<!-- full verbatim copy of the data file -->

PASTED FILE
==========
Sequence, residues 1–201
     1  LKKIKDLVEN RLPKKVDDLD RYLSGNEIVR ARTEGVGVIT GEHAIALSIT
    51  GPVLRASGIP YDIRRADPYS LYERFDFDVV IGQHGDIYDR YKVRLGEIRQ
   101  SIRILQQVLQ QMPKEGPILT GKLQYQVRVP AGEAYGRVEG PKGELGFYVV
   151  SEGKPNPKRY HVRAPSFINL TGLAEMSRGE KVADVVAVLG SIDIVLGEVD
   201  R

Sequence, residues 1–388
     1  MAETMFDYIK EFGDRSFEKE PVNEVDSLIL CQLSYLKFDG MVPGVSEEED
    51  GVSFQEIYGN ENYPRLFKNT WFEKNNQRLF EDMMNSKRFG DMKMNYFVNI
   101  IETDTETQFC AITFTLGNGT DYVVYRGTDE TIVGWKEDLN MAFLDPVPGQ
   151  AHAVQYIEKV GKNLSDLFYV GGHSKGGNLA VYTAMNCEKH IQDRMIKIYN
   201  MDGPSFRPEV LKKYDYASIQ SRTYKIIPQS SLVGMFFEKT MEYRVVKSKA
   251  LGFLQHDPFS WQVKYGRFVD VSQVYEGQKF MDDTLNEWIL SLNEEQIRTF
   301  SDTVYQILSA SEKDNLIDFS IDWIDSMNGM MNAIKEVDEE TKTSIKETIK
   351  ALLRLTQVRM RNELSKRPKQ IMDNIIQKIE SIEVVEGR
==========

Sequence, residues 1–201
     1  LKKIKDLVEN RLPKKVDDLD RYLSGNEIVR ARTEGVGVIT GEHAIALSIT
    51  GPVLRASGIP YDIRRADPYS LYERFDFDVV IGQHGDIYDR YKVRLGEIRQ
   101  SIRILQQVLQ QMPKEGPILT GKLQYQVRVP AGEAYGRVEG PKGELGFYVV
   151  SEGKPNPKRY HVRAPSFINL TGLAEMSRGE KVADVVAVLG SIDIVLGEVD
   201  R

Sequence, residues 1–388
     1  MAETMFDYIK EFGDRSFEKE PVNEVDSLIL CQLSYLKFDG MVPGVSEEED
    51  GVSFQEIYGN ENYPRLFKNT WFEKNNQRLF EDMMNSKRFG DMKMNYFVNI
   101  IETDTETQFC AITFTLGNGT DYVVYRGTDE TIVGWKEDLN MAFLDPVPGQ
   151  AHAVQYIEKV GKNLSDLFYV GGHSKGGNLA VYTAMNCEKH IQDRMIKIYN
   201  MDGPSFRPEV LKKYDYASIQ SRTYKIIPQS SLVGMFFEKT MEYRVVKSKA
   251  LGFLQHDPFS WQVKYGRFVD VSQVYEGQKF MDDTLNEWIL SLNEEQIRTF
   301  SDTVYQILSA SEKDNLIDFS IDWIDSMNGM MNAIKEVDEE TKTSIKETIK
   351  ALLRLTQVRM RNELSKRPKQ IMDNIIQKIE SIEVVEGR